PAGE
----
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On The Table Read Magazine, “the best book magazine in the UK“, Wrecked by Lee Dickinson is a raw and honest story told in the form of a diary from Harrison’s point of view, a young man whose friends and family believe he is an alcoholic.
Alcoholchange.org.uk says that 24% of adults in England and Scotland drink more than the recommended amount. There are over 600,000 “dependent drinkers” in England alone, and 82% of them don’t seek treatment. Startling measurements, yet considerably more disturbing is that a large number of the individuals who abuse liquor probably won’t actually remember they have an issue.
Lee Dickinson’s new journal-style book, “Wrecked,” sheds light on this pressing issue, telling the story of Harrison, a young man who, until his life starts to fall apart, never thought he had a problem with alcohol. Harrison is certain that whatever an “alcoholic” is, it can’t be him, even when his girlfriend leaves him and his friends express concern.
Until he, sadly, learns the truth. Readers will experience everything, and be taken on a crude excursion to the actual profundities of Harrison’s misery, as he diaries his life’s sluggish, inescapable disentangling.
“Wrecked” is a fascinating and one-of-a-kind look at a society and culture obsessed with alcohol.
Despite the fact that he frequently finds himself in awkward situations after a few drinks and is frequently told that he drinks too much, Harrison King is certain that he does not have a problem with alcohol. At the point when his better half leaves him since she thinks he is a drunkard, Harrison decides to demonstrate to her and to every other person, that he is totally non-reliant and that he is a profoundly working and capable grown-up. He is adamant that he is not an alcoholic, despite his quick realization that he may be drinking a little too frequently.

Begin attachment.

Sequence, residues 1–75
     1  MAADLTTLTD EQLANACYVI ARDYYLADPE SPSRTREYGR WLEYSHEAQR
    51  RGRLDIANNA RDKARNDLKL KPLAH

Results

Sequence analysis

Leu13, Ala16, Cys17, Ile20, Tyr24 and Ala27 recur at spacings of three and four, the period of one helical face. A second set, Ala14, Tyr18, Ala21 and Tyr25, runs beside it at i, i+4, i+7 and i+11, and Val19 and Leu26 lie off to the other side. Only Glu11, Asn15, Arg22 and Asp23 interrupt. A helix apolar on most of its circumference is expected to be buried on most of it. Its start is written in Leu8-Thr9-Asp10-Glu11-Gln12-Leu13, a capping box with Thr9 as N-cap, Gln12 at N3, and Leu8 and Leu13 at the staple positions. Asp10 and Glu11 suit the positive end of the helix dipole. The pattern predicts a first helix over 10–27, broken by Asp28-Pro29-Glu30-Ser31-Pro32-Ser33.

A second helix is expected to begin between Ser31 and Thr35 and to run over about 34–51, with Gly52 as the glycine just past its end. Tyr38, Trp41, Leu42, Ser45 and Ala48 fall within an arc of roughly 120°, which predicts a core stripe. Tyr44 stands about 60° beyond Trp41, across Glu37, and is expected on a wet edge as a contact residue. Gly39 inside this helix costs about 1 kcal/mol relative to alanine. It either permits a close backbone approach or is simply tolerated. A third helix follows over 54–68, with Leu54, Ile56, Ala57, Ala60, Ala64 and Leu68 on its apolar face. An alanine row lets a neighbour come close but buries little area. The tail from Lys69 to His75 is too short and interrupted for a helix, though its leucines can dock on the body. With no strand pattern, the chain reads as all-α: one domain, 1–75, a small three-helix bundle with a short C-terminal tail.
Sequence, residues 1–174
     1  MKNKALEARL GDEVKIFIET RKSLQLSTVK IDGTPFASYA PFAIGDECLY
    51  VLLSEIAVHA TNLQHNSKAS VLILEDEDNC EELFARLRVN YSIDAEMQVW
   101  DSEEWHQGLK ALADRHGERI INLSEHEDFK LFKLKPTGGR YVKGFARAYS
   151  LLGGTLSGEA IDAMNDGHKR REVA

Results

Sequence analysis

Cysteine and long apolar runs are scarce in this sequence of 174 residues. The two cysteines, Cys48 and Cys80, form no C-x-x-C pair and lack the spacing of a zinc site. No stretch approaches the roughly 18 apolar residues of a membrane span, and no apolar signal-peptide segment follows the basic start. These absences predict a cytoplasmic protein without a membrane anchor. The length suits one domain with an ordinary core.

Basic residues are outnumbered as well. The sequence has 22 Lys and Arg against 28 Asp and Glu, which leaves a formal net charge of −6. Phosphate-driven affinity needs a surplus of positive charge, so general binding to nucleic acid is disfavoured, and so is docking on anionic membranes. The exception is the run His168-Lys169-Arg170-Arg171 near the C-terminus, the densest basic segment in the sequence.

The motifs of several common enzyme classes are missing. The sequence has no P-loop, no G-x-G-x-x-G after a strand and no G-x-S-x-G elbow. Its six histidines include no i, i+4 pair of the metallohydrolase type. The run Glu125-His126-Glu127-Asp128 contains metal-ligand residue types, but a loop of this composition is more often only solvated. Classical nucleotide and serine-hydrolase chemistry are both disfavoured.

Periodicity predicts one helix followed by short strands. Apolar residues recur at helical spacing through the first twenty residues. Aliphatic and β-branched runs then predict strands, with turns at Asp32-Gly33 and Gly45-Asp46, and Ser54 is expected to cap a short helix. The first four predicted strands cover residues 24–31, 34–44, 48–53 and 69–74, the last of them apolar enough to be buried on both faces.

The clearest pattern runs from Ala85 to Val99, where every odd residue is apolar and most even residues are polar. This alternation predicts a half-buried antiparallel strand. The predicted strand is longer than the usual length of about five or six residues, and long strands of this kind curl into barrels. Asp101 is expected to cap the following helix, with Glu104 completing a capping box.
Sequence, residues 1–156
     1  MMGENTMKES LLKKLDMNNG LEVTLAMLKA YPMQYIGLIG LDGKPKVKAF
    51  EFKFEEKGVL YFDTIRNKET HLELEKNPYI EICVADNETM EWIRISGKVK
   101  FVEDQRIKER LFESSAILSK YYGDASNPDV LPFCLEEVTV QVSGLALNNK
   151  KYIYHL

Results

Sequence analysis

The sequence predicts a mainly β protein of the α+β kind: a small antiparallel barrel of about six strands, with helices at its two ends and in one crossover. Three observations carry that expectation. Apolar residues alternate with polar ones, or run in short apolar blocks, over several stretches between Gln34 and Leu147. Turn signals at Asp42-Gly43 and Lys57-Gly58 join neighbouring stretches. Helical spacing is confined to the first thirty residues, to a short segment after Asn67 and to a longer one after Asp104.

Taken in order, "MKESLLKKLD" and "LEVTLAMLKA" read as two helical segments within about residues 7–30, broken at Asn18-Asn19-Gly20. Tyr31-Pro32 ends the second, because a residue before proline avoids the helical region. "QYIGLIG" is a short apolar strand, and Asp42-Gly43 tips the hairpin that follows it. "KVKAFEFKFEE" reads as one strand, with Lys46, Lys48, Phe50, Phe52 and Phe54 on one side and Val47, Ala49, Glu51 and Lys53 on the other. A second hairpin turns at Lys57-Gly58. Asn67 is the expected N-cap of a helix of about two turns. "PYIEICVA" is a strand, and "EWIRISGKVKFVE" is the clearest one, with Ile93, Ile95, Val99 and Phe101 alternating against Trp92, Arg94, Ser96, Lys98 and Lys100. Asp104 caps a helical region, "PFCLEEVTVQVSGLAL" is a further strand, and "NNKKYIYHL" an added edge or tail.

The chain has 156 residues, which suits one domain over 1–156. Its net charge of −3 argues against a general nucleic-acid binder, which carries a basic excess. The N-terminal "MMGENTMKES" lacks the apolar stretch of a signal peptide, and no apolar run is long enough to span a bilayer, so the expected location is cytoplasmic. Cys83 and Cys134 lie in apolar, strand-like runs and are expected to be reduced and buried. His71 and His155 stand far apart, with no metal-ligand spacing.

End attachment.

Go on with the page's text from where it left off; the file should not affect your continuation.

Wrecked follows Harrison as he struggles with his detestable career, his detestable boss, and his struggle to control his consumption. Harrison drinks when he has a terrible day at work, when he can’t choose how to manage his life, when he is focused on and as an approach to managing social collaborations.
As Harrison continues to write in his journal, he considers the decisions he has made in his life, tries to make more friends, and puts more effort into making a plan for the future. However, his drunken antics continue to place him in increasingly uncomfortable circumstances.
Lee Dickinson, the author, said that the book’s most interesting feature is that readers can see Harrison’s transformation from social drinker to alcoholic on a regular basis. Many readers have pointed this out to him. Due to the fact that Harrison does not believe he has a problem, Dickinson found Harrison to be an intriguing voice to write about.
Too frequently, we form preconceived notions in our own minds regarding how alcoholics appear or behave. We consider a drunkard the grimy man under the scaffold, or the lady yelling maltreatment on the high road, rather than reality – that individuals who abuse liquor are surrounding us. Harrison opposes help, since he doesn’t perceive himself in that way. Those insights could turn out to destroy him.
Dickinson believes that readers might have their own eyes opened – maybe even about their habits or the habits for somebody near them.
Lee was born in Yorkshire in 1995 and grew up there. He has A-levels in English, Regulation and Film and a degree in Business. He has resided and worked in Lincolnshire, Manchester, Buckinghamshire and Berkshire where has worked in Promoting and Task jobs. The youngest of eight, Lee has an passion for Kickboxing, collecting records and is a keen reader – referring to PG Wodehouse and Haruki Murakami as his greatest inspirations.
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‘Wrecked’ is available now: https://amzn.to/3i4V533
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